# Harmonic oscillator path integral: regularizing the functional determinant

From Polchinski's Vol. 1 Appendix A, we can reduce the Euclidean path integral for the 1D harmonic oscillator to computing $$(\det\frac{\Delta}{2\pi})^{-1/2}$$ where $$\Delta = -\partial_u^2 + \omega^2.$$

Since $$f_j(u) = \sqrt{2/U} \sin(j\pi u/U)$$ is an eigenbasis, we compute

$$\det \frac{\Delta}{2\pi} = \prod_{j=1}^{\infty} \frac{j^2\pi^2 + \omega^2 U^2}{2\pi U^2}.$$

Here Polchinski regularizes using Pauli-Villars; he divides by the amplitude for an oscillator with very high frequency $$\Omega$$ and gets

$$\det \frac{\Delta}{2\pi} \to \prod_{j=1} \frac{j^2 \pi^2 + \omega^2 U^2}{j^2 \pi^2 + \Omega^2 U^2} = \frac{\Omega \sinh \omega U}{\omega \sinh \Omega U}.$$

Now he takes the $$\Omega \to \infty$$ limit. Why is that the appropriate limit to take at the end?

He obtains $$(\det \frac{\Delta}{2\pi})^{-1/2}\approx \left(\frac{\omega}{\sinh\omega U}\right)^{1/2} e^{\frac12(\Omega U - \ln \Omega)}$$ and subtracts divergences and gets the right answer. But why is $$\Omega \to \infty$$ the right limit to take? When we regularize, we typically take a limit at the end to "undo" it. For instance, in QFT we take $$d= 4-\epsilon$$ and then take $$\epsilon \to 0$$ at the end.

You’re only interested in the dependence of the determinant on $$U$$ here (the numeric value for a given $$U$$ depends on the normalization constant in the functional measure and is therefore unphysical).
The expression for the determinant that you’ve given exhibits $$U$$-independence for $$\omega \rightarrow \infty$$ (the $$j$$-dependent term becomes small compared to the other summand in the numerator, and $$U^2$$ cancel the $$U^2$$ in the denominator). Hence, in the limit of infinite frequency you’re dividing by a $$U$$-independent constant — an operation which is equivalent to redefining the normalization constant. That is no longer true for finite frequencies. Intuitively, setting the frequency to infinity undoes the regularization like you expected.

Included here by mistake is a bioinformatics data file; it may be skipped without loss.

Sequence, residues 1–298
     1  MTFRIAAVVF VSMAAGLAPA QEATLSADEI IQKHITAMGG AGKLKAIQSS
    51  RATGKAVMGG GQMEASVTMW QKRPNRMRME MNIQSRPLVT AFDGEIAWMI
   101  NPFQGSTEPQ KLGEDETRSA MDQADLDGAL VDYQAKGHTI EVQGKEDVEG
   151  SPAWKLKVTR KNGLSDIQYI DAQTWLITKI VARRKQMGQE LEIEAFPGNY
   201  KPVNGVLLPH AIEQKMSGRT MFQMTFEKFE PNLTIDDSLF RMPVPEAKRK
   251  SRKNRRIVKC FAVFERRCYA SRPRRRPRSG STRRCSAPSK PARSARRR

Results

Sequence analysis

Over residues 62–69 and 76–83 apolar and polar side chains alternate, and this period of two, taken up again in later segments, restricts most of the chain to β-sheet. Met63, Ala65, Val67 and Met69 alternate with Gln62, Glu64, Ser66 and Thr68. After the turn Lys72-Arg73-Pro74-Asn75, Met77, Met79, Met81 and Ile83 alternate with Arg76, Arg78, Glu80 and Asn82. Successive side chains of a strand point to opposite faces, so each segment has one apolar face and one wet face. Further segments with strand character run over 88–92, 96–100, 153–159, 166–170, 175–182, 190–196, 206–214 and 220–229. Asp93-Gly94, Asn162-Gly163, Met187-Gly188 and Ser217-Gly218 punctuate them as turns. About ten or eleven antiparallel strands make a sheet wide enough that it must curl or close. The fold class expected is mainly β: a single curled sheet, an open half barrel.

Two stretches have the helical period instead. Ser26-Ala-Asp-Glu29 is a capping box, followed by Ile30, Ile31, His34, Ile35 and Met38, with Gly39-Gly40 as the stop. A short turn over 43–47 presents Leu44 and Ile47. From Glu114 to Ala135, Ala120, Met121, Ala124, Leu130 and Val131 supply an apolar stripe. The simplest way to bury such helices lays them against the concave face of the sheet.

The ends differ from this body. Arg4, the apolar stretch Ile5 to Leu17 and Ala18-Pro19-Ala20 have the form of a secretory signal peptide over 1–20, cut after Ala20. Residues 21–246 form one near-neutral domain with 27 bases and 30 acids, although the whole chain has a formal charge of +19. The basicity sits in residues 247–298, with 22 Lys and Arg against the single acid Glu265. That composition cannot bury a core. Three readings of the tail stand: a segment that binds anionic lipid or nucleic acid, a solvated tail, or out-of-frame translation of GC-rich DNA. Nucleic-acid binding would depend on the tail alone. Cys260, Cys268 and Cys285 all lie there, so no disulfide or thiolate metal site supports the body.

• I think I got it. We don't care about the overall normalization, so we feel free to divide by some (infinite) constant. The regularization divides by a $U$-dependent function, and taking $\Omega \to \infty$ makes this function a harmless (infinite) constant which won't change the physics. Then, ultimately, Polchinski subtracts the counterterm and matches onto the $U\to \infty$ limit of the problem, which is easily solved, to determine the correct overall normalization. Jeeze, isn't there an easier way to do this?? Sep 6, 2019 at 23:05